Norman Macleod, C.J.
1. The plaintiff alleged that he was a co-sharer Khot of the suit-village of Bhandivli; that he managed the suit village in the years 1914-15, 1915-16, 1916-17 and 1917-18; that a Khoti Khata stood in the defendant's name; and that the defendant did not pay Dhara and Faida for those lands. The defendant inter alia contended that for some lands in suit he was liable to pay only Dhara and local cess; and the main issue in the suit was whether for those lands he was liable to pay the Faida.
2. In the trial Court the learned Judge points out that a Khot in respect of his Khasgi lands is a tenant to himself so far as his liability to the body of Khots is concerned. With regard to Khasgi lands, I understand, the position is that the holder is still liable to pay Faida to the general body of the Khots, and that this payment of Faida for various Khasgi lands held by various co-sharers in the ordinary course would be adjusted when the division of profits is made among the joint body of the Khots.
3. The defendant, as a purchaser of Khoti Khasgi lands from one of the co-sharers Khots, would be liable to pay Faida unless he was able to show that by virtue of some custom or agreement amongst the Khots the Faida was not payable. That was a matter to be proved by evidence, and as the learned Judge points out no evidence whatever was adduced. The fact that the defendant produced four sale deeds, under which the defendant bought Khoti Khasgi lands, which were alleged to be immune from the payment of Faida, would not be relevant unless it could be shown that the general body of Khots had agreed to those terms. The plaintiff's claim was, therefore, decreed in the trial Court, and this decision was confirmed in appeal.
4. The learned appellate Judge relied upon the decision in Raghunath rao v. Vasudev I.L.R. (1899) 23 Bom. 769 that a Khoti sharer, if he sold his Khoti Khasgi lands, lost his rights thereto as against the general body of the Khots, and if after the sale he remained in possession of such lands, he was a tenant-at-will and could be ejected; and the head-note also says that if a Khoti sharer parts with his Khoti Khasgi lands, then these lands, in the hands of an outside purchaser become Khoti Nisbat, that is to say, the purchaser not being a member of the body of Khots cannot hold any lands as 'Khoti Khasgi' as that expression refers only to lands in the occupation of a Khot and cultivated by him or by his hired labourers. It is clear, therefore, that these lands in the possession of the purchaser are liable to pay Faida under the arrangement which was made in Exhibit 29, whereby it was arranged that the tenants of Khoti Nisbat lands were to pay Re. 1 assessment and As 8 Faida. Therefore the decision of the Court below is correct and the appeal must be dismissed with costs.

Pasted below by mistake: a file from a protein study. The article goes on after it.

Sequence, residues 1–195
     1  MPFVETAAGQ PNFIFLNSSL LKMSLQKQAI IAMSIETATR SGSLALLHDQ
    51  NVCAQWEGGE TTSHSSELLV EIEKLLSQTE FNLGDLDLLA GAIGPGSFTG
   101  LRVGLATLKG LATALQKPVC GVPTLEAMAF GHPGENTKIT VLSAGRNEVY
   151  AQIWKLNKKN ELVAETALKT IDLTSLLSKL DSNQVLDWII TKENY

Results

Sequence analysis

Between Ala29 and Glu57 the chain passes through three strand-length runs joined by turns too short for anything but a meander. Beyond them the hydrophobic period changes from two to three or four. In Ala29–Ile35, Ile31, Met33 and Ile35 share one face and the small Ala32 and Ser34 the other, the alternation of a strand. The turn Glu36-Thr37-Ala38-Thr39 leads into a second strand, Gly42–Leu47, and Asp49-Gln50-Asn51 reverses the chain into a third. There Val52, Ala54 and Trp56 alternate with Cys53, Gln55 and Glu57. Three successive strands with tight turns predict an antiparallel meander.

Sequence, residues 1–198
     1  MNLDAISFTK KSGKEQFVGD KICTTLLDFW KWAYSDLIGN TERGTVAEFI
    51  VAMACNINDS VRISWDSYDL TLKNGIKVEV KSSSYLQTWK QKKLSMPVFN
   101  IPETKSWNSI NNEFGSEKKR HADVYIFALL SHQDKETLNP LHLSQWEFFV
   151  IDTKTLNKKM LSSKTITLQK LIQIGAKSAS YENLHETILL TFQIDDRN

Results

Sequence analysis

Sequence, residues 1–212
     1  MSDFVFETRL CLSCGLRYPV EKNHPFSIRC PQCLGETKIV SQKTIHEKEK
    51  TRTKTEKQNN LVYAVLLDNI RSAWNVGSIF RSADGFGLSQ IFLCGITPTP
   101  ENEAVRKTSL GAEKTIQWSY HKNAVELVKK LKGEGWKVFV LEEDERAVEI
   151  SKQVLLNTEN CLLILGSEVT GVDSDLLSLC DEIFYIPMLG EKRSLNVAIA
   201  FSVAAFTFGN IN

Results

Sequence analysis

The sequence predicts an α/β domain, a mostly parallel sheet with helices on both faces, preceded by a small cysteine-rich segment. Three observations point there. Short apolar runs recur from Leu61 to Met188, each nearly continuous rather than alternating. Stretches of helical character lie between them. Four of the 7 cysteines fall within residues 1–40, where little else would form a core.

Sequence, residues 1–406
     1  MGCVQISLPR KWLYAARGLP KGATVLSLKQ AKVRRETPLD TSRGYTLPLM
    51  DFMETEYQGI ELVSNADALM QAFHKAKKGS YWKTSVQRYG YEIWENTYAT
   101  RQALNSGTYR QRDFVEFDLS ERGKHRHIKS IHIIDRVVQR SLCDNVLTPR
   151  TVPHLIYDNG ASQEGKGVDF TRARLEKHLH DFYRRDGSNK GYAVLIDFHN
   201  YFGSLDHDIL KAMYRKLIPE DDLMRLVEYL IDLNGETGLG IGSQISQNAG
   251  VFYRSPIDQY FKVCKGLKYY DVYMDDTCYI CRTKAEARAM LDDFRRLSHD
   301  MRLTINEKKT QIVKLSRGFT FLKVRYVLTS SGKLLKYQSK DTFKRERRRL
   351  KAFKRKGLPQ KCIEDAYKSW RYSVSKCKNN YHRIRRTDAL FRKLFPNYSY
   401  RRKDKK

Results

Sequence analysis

5. I concur. The defendant's plea, so far as it appears on the evidence, seems to he that he is not liable to pay Faida in respect of the Khoti Khasgi lands now in his possession. This plea was disallowed by both the lower Courts, and in my opinion, for sufficient reasons. The lands in question are not Dhara lands. They are Khoti Khasgi lands which are thus explained by Mr. Justice Ranade in The Secretary of State for India v. Narayen Namshet Kamerkar (1899) 1 Bom. L.R. 19:
Khoti Khasgi lands have been thus defined in Mr. Justice Candy's book on Khoti Tenure. 'All land in a Khoti village, which is not Dhara, must be Khoti. The Khoti lands which are cultivated by the Khot himself, or by means of hired labourers are called Khoti Khasgi, and the rest is Khoti Nisbat, and may be sub-let to permanent tenants or to recent cultivators.
6. Now all Khoti lands are liable to pay Faida, that is, the Khot's profits. It constitutes his remuneration for the trouble and risk of collecting the revenue of the village, and managing the village. Khoti Khasgi lands are not exempt from such imposition. When the Khoti Vatan is held by one single individual, he is so to say his own tenant as regards the Khoti Khasgi lands in his private occupation. The position as regards the payment of this Faida becomes clearer when such Khoti Vatan is held by a body of sharers. In that case each sharer holding Khoti Khasgi lands becomes a tenant of the coparcenery and pays Faida to the whole body of Khots including himself; and when a Khoti village is taken under attachment by Government, the Khot is liable to be assessed for Khoti Faida in respect of lands in his private occupation. Ramchandra Narsinha Mahajan v. The Collector of Ratnagiri (1870) 7 B.H.C.R. 41 and Ramchandra Daji Joshi v. Visaji Bapuji Kunhere (1880) P.J. 297.
7. It was no doubt open to the defendant in this case to prove that this particular Khoti land had been the subject of a special agreement between his vendor Knot and his co-sharers The burden of proving it lay on him. No such agreement, however, has been either alleged or proved in this case. The learned trial Judge pointed this out when he said 'defendant has not adduced any evidence to show that he is not liable to pay Faida to plaintiff in virtue of any custom or agreement.'
8. In these circumstances, in my opinion, the decree of the lower Court is right.